Dean: For instance, a while back, Jascha, Ethan, and another colleague were talking about how much language bots — think: chatbots — had advanced in recent years. They had become more than just Eugenesque chatbots. But the original Turing test couldn’t capture the full picture of what these new bots, like LaMDA, could do.
Jascha: Whenever a new technology comes along that can do amazing things that we couldn’t do before, it always changes the world. And it would be really great to understand what this can lead to and the dangers. And you can’t predict what you can’t measure.
Dean: So the team put out a call to researchers around the world. Basically: Hey, we want to make a better Turing test. But we’re just a couple of white guys at Google. If you, World, could ask a language bot to do anything, what would you want it to do? What would you measure?
Ben: They took submissions from something like 400 different people around the world in a bunch of different fields…
Jascha: And we have, I think, now 211 tasks.
Dean: And these 211 tasks range widely.
Ethan: One I like, there’s Checkmate-in-One.
Jascha: There’s a task called Implicatures.
Ethan: There’s Play Dialog Same or Different.
Jascha: The Self-Awareness task.
Ethan: Cryobiology in Spanish …
Jascha: Translate new sentences …
Ethan: The classic Emoji Movie task.
Ben: How do these tasks work? We wanted an example, so naturally…
Ben: Let’s take some tests.
Dean: Can we take some tests?
Ethan and Jascha: Yeah, yeah, yeah, yeah, yeah.
Dean: We’ll start with the classic Emoji Movie task, which has nothing to do with The Emoji Movie.
Ben: In this task, we’re given a string of emojis, and Dean and I have to guess what movie the emojis are representing.
Dean: First up, we see two men emojis, a wrestling emoji …
Ben: And what’s the last one?
Dean: The last one is soap, right?
Ethan: I think so. That’s what it looks like to me.
Dean: I don’t know what the middle one is, but I’m going to guess Fight Club.
Ben: Oh yeah, good call. I was going to say Rocky, but that doesn’t make any sense. (Laughs.)
Dean: Rocky, Ben. Really? Rocky?
Ben: I don’t know, man.
Ben: Fight Club. Nice job, Dean.
Dean: Thank you. Thank you.
Ben: OK. Round two.
Dean: Feeling good, Ben?
Ben: Not great, to be honest, Dean. Not great. Next emoji set: woman, mountain, music, children …
Ben: A woman. Oh. Brokeback Mountain.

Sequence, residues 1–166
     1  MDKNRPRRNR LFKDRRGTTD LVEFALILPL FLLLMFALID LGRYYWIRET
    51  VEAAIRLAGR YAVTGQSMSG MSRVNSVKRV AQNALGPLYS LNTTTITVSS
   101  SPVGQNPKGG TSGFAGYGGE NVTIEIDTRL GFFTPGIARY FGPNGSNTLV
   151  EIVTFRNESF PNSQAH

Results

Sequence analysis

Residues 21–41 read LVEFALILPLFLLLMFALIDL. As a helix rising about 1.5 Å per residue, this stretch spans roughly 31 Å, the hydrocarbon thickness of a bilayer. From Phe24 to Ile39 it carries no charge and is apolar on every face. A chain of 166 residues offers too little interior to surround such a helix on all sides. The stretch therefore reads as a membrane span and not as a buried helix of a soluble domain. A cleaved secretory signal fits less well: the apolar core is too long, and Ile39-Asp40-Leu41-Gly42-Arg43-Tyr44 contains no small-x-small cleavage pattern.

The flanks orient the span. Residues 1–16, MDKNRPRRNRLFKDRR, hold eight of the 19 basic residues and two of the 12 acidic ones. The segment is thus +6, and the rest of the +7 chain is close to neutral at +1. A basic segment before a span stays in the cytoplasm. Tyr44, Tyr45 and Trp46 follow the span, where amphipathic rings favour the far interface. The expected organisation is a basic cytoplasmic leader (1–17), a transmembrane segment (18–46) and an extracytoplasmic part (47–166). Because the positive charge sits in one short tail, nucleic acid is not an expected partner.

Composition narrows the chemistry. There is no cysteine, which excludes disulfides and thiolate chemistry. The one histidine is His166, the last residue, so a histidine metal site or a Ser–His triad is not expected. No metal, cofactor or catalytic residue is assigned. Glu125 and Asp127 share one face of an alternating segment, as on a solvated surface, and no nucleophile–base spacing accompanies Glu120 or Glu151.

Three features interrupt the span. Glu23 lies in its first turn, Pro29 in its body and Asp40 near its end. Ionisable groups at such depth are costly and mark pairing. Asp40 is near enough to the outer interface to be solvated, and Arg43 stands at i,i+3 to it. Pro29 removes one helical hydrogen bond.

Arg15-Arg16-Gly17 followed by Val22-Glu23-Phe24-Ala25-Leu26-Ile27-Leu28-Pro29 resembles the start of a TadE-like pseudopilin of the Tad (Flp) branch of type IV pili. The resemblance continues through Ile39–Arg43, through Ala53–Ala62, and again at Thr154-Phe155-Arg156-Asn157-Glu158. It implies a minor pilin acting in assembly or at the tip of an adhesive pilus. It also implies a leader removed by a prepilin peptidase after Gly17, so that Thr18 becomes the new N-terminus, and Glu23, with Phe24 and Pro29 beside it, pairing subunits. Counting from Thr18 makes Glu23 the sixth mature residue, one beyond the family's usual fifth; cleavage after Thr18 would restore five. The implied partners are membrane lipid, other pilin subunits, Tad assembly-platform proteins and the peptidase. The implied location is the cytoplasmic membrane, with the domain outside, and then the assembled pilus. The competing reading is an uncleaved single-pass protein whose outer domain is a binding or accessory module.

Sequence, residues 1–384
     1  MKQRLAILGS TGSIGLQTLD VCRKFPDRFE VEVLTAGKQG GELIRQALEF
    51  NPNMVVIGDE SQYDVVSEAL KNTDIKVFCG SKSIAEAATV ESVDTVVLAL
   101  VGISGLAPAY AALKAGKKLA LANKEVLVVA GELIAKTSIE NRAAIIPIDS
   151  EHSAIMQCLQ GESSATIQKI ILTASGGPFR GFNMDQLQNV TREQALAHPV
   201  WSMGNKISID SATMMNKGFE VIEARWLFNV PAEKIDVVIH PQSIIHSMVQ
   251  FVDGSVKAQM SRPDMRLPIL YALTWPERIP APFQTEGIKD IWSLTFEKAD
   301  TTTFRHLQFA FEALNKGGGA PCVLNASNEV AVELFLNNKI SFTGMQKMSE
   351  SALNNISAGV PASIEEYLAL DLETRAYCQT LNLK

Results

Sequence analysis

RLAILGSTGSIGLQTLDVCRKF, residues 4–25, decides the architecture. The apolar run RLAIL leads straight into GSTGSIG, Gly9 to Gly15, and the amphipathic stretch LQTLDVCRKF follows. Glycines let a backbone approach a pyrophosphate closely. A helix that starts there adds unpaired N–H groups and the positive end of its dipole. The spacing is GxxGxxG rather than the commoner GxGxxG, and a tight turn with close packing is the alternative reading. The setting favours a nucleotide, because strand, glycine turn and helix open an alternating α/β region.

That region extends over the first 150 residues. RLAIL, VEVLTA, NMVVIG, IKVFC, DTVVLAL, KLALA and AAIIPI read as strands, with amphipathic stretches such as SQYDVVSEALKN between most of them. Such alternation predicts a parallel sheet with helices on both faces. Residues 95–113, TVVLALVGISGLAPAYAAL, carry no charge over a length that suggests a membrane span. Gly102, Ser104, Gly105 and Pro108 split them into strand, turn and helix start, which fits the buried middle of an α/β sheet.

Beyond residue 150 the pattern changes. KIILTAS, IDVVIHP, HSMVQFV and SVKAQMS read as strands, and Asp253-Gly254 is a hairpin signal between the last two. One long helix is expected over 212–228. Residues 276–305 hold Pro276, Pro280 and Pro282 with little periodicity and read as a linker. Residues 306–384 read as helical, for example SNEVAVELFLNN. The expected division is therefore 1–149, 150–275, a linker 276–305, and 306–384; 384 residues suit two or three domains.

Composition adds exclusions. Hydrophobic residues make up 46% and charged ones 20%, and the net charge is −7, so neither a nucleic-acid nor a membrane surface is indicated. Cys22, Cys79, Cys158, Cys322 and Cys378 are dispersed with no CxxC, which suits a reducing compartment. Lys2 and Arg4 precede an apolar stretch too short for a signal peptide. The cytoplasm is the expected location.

Ben: Sound of Music? Is this a race?
Dean: I am not convinced that you’ve ever seen Brokeback Mountain.
Ben: Oh, I’ve seen it. Good movie.
Dean: You did convince me that we should go with The Sound of Music.
Dean: Let’s do The Sound of Music.
Ben: Wait, wait, no, wait.
Dean: What? There is consensus.
Ben: The Sound of Music. I just don’t think that’s right.
Dean: Oh, my God.
Ben: Hey, man. Listen. I just wanted to beat the machine, Dean. I just wanted to be sure. We didn’t have a great start out the gate.
Dean: Correct answer.
Ben: Sound of Music, OK.
Ben: This is just one task. And, like it, some of the other tasks can also seem trivial, but each one is assessing different flavors of intelligence, whether that’s the ability to translate new languages or analyze Shakespeare or code in Python or understand how humans use emojis. It feels less like a Turing test and more like an SAT for bots.
Dean: For a lot of these tasks, the bots do really well. Human-level. If you keep increasing the complexity of the bots and feeding the bots more training data — more reading material from the web — the bots can get really good. A sign that more data can mean more human-like intelligence. Even superhuman intelligence.
Ben: But Ethan and Jascha show us that there are also drawbacks to giving a bot — what they call a “model” — more data.
Jascha: For instance, as models get larger and larger and larger, they — at least if you don’t do anything to stop it — demonstrate more and more social bias. This is actually one of the only things we measured in BIG-bench which just monotonically got worse with with model scale.
Ben: Just sit with that for a second. As these bots train with more web data, they get smarter and more biased. For instance, one of Google’s bots was tested in related words. I say, “peanut,” the bot says, “crunchy.”
Dean: But if I say “Islam,” for instance, the bot would sometimes output “terrorist.” That’s because all that training data from the web isn’t just knowledge; it’s mixed with garbage.
Ben: And when we started to talk with Ethan and Jascha about this, the energy in the room definitely changed. It got heavier. This bias issue is a problem they are thinking about. And it’s one that, if you’re trying to create human-like artificial intelligence, humans really haven’t solved yet.
Ben: I understand why that happens and why you’re doing that work. But I also understand and realize that there’s a much bigger sort of philosophical conversation that happens, right? Of like, “What should we be doing and when should we stop ourselves, etc., etc.?” You know what I mean? Like, I just wonder how you fold that bigger picture thinking into the work that you’re doing.
Jascha: So I definitely think it’s important to think about the consequences of what you build. I think that building tools to measure behavior is a necessary part of cautiously proceeding into the future. I wouldn’t be doing what I was doing if I didn’t think that the net effect of science and technology on the world, including the things that we’re developing now, was positive. But it’s definitely — I mean, these are always important questions to ask and talk about.